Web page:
In the Cold War ’60s, as the space race heated up, another race began: to the center of the earth.
Well, perhaps the Soviets and Americans couldn’t drill quite that deep, but they could try to get to the so-called Moho, more formally the Mohorovicic Discontinuity, the theorized but much-disputed boundary between the mostly solid crust and the magma-filled mantle.
After the launch of an American drilling program to reach the boundary, the Russians joined the race to drill the deepest hole in the world.
“Between 1960 and 1962, the combination of economic interest and national pride during the Space Race period inspired scientists of the Soviet Union to plan drilling a “Russian Mohole” whose objective was to reach the Mohorovicic Discontinuity before the American drilling program,” Dean Dunn writing in the book, Science of the Earth.
The original goal was soon subsumed by the desire to learn more about how valuable ores formed, so the hopes of the Russian effort eventually landed in the middle-of-nowhere mining region, Pachenga. There, the Soviets drilled the deepest hole in the history of the world, more than 7 miles deep.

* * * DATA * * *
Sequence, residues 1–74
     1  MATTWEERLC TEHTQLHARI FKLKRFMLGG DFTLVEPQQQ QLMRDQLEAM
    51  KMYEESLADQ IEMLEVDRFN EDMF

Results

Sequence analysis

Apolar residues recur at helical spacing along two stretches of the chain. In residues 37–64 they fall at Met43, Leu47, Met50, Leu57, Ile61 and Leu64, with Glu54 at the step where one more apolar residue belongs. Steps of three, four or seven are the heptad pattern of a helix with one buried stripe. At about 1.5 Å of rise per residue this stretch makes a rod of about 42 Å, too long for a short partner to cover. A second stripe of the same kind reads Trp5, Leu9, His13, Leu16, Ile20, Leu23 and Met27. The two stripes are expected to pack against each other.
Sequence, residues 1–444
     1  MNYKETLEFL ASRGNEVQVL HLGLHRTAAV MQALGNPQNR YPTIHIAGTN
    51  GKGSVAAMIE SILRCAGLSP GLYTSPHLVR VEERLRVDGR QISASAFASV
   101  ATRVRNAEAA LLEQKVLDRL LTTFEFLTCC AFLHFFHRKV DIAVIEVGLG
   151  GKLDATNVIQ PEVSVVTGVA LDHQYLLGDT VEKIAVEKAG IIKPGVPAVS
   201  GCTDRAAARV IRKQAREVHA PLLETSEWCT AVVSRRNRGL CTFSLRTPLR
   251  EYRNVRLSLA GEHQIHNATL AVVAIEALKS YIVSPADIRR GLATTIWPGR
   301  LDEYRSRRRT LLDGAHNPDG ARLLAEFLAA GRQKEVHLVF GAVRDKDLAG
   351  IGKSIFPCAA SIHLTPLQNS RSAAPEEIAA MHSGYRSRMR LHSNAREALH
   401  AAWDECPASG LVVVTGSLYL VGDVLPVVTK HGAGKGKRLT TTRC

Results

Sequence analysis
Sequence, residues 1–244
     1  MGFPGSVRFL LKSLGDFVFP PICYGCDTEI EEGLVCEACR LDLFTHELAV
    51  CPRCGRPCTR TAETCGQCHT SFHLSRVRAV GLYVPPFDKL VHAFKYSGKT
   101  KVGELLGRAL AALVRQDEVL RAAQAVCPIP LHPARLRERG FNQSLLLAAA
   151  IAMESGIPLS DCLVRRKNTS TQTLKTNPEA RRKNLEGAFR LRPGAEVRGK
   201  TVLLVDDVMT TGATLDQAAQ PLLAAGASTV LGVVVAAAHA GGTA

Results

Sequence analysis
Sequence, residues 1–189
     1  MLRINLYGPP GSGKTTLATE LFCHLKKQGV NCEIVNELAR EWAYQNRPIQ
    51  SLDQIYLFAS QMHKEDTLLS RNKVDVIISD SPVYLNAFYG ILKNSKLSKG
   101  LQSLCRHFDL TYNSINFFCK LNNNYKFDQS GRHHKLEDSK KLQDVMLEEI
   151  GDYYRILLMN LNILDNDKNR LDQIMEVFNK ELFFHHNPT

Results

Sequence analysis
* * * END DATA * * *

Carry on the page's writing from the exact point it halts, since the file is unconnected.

At the Kola Institute, pictured, the Russians drilled for more than 15 years to reach a crust depth of 40,226 feet, a record that’s never been broken. But however successful the mission was as an exploration, the geological findings from the site remain murky and obscured by the way they emanated out of the fading Soviet scientific machine.
Stanford geologist and drilling expert, Mark Zoback, said that the Kola borehole was “an anomaly” even within the rather grandiose field of superdeep drilling projects.